Court says Peterson’s out, party will meet (Boise Statesman, Nampa Press Tribune, TF Times News, Lewiston Tribune, Pocatello Journal)
Boise business BookLamp bought by Apple (Boise Statesman)
Reduced number of sex crimes reported in Idaho (IF Post Register)
Lewiston port gets fiber optic line (Lewiton Tribune)
Nampa building ramps up, almost doubling 2013 (Nampa Press Tribune)
Big growth at Greenleaf Friends Academy (Nampa Press Tribune)
Blackfoot mayor mulls covering expenses (Pocatello Journal)
Court backs Blaine in records denial to CNN (TF Times News)
State land managers seeking policy input (TF Times News)

Eye testing now required in Oregon schools (Eugene Register Guard)
Salmon hit by drought conditions (KF Herald & News)
Muslin charity pleads guilty on tax charges (Ashland Tidings)
Medford Tribune, Ashland Tidings launch new web site (Medford Tribune, Ashland Tidings)
Two Medford council veterans depart (Medford Tribune)
Hermiston charter may revise office terms (Pendleton E Oregonian)
Delegation seeks funds for Columbian cleanup (Pendleton E Oregonian)
Review of east Portland’s political weakness (Portland Oregonian)

Kitsap prosecutor race draws varying support (Bremerton Sun)
Some logging planned in central Kitsap park (Bremerton Sun)
Park and ride planned for Mukilteo (Everett Herald)
Cowlitz, Wahkiakum end pot business bans (Longview News)
New park developing in western Olympia (Olympian)
First pot business approved for Olympia (Olympian)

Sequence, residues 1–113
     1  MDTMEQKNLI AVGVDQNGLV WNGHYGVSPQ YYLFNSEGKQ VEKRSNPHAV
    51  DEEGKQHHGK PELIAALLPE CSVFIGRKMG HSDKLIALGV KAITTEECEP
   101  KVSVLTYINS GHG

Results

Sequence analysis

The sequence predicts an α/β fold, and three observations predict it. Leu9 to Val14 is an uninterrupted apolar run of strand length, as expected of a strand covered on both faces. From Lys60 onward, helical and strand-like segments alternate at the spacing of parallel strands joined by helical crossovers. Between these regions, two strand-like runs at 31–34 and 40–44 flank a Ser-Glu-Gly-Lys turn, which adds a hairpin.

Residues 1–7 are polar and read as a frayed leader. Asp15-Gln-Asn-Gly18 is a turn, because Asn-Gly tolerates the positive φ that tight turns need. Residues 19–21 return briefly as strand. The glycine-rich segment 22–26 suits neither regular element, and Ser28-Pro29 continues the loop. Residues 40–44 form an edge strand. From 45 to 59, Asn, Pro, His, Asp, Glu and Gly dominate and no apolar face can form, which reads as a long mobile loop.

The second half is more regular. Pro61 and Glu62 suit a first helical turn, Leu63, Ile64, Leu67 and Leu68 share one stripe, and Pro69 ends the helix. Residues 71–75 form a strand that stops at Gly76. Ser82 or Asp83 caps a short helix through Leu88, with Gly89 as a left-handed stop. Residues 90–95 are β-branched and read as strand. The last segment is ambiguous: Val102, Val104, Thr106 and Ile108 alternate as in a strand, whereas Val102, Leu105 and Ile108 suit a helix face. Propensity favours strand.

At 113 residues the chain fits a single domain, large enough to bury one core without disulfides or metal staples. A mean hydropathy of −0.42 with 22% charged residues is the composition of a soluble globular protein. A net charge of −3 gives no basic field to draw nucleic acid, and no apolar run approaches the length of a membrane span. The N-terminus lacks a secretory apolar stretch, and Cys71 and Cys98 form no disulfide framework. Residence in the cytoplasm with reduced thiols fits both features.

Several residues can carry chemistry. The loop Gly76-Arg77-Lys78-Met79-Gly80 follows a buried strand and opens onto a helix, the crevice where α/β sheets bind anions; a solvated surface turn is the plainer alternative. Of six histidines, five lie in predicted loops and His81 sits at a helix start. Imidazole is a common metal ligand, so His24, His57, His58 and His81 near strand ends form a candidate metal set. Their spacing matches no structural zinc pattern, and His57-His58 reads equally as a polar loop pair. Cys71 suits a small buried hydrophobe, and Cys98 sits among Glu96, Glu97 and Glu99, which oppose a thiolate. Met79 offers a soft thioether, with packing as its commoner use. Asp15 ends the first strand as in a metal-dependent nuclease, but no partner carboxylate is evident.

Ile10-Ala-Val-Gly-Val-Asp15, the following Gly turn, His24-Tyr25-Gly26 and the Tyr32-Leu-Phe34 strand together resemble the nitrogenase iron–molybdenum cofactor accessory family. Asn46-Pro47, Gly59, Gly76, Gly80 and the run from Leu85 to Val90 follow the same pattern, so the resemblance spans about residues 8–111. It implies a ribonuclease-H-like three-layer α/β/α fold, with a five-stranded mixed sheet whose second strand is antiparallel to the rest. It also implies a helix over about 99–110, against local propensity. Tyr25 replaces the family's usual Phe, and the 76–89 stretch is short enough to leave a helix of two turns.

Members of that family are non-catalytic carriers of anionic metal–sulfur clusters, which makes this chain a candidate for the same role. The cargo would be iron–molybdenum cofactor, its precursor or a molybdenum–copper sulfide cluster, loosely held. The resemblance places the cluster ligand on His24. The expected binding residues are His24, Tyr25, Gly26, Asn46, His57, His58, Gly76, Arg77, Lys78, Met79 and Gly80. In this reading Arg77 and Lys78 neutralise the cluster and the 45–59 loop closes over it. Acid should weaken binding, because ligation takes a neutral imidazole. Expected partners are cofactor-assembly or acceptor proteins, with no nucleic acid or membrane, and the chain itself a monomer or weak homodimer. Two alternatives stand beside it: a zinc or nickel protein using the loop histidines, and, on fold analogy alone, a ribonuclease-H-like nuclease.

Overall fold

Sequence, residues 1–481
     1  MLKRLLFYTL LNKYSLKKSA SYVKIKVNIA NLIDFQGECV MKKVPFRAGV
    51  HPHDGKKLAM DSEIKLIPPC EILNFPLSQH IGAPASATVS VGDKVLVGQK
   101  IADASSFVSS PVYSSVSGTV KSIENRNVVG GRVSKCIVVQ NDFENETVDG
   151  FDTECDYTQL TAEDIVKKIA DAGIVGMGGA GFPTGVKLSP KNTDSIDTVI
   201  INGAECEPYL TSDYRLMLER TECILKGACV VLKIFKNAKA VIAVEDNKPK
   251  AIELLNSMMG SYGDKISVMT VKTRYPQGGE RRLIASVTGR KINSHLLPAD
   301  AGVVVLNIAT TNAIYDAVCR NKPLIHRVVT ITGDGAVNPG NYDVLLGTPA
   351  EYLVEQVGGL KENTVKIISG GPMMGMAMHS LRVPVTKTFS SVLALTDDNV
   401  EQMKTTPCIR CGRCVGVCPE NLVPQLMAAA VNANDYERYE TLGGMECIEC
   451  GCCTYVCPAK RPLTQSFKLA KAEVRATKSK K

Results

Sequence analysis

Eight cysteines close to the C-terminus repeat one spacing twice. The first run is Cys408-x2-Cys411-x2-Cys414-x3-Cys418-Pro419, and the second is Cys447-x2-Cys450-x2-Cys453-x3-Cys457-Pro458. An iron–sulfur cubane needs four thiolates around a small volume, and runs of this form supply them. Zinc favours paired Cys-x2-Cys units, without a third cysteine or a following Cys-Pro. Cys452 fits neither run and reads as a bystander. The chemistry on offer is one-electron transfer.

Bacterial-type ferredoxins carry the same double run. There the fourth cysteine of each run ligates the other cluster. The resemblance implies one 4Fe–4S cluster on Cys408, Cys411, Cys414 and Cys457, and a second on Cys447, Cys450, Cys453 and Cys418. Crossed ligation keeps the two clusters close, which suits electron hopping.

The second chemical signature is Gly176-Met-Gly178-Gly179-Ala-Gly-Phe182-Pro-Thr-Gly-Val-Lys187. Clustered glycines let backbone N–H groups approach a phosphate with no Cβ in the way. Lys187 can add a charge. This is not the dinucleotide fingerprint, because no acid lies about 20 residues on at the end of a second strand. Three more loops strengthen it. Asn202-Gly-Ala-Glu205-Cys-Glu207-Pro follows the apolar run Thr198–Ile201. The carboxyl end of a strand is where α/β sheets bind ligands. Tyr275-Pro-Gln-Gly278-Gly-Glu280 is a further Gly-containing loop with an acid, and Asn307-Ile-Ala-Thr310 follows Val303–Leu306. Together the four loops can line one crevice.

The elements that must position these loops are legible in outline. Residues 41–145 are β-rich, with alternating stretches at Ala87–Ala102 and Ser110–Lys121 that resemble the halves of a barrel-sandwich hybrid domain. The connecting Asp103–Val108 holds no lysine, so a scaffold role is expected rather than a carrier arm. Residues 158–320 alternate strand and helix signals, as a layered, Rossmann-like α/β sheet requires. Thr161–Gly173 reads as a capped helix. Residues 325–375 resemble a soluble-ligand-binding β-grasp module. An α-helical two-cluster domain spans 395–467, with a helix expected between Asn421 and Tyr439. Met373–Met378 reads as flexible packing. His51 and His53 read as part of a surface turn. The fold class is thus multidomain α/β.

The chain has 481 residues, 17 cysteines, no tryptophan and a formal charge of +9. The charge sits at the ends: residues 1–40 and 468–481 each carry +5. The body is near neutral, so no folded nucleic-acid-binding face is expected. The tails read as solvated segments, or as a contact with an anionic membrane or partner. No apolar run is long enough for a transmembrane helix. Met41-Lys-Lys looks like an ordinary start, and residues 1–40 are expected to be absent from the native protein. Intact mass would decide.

Olypnia Natl Park chalet moved away from river (Port Angeles News)
Windfall in Sequim sewage fund (Port Angeles News)
Amgen, Puget’s largest biotech firm, to close (Seattle Times)
Top Seattle health leader quits (Seattle Times)
Tacoma citizen group okays Amtrak plan (Tacoma News Tribune)
Pierce Council writes ‘In God We Trust’ on wall (Tacoma News Tribune)
Clark Co voters will vote on bridge in November (Vancouver Columbian)
Legislator home burglary points up phone law need (Vancouver Columbian)

Share on Facebook

First Take

carlson CHRIS
CARLSON

 
Carlson
Chronicles

In politics there are rarely coincidences. Additionally, sometimes an event occurs which one can read much more into than just the surface appearance. It becomes a telltale indicator of something more significant than one at first glance would think.

One of these “more than meet the eyes” events happened in Idaho Falls on the evening of the 4th of July and went largely unnoticed by what Texas Senator and Tea Party favorite Ted Cruz calls the “chattering class”—the political pundits and commentators.

Multi-millionaire and Melaleuca founder Frank Vandersloot sponsors a well attended 4th of July fireworks show. Its his way of showing his patriotism as well as his appreciation for “the shining city on the hill” as Ronald Reagan so eloquently once put it when describing the still greatest country on the earth.

Vandersloot is justly proud of this event and he often has a special guest. His guest this year not surprisingly was an Idaho gubernatorial candidate. What was surprising was that the guest was neither Tea Party endorsed State Senator Russ Fulcher nor was it incumbent Governor C.L. “Butch” Otter. It was none other than the Democratic nominee, Boise businessman A.J. Bulakoff.

The “chattering class” as well as the general voting public ought to sit up and take notice for this could portend more than Vandersloot just covering himself in case Bulakoff pulls off the upset. It could signal that the traditional Republican Latter Day Saint vote is starting a seismic shift away from the incumbent governor.